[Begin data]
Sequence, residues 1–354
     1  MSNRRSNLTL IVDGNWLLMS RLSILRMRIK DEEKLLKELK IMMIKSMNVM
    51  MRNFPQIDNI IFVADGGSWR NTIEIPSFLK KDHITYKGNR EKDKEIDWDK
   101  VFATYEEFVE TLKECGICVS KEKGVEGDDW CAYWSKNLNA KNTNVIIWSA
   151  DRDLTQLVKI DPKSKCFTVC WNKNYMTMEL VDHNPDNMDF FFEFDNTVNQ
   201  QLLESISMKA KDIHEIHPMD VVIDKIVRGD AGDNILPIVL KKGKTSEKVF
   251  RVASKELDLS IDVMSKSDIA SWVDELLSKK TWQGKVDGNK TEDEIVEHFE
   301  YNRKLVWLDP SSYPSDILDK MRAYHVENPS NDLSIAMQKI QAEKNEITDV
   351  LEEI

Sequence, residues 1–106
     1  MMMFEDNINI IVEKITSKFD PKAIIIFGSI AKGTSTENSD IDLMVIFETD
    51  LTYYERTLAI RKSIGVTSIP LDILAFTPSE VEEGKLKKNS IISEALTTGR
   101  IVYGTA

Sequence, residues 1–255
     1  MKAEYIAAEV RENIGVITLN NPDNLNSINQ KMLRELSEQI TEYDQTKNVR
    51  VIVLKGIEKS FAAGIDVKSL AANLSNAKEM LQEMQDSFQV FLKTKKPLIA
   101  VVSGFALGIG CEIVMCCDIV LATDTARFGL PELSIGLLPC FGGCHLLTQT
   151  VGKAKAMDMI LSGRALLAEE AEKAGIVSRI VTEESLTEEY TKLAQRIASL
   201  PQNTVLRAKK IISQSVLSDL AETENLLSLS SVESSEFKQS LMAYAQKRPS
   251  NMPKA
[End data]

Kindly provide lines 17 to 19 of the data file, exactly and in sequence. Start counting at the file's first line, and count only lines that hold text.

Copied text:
   101  VVSGFALGIG CEIVMCCDIV LATDTARFGL PELSIGLLPC FGGCHLLTQT
   151  VGKAKAMDMI LSGRALLAEE AEKAGIVSRI VTEESLTEEY TKLAQRIASL
   201  PQNTVLRAKK IISQSVLSDL AETENLLSLS SVESSEFKQS LMAYAQKRPS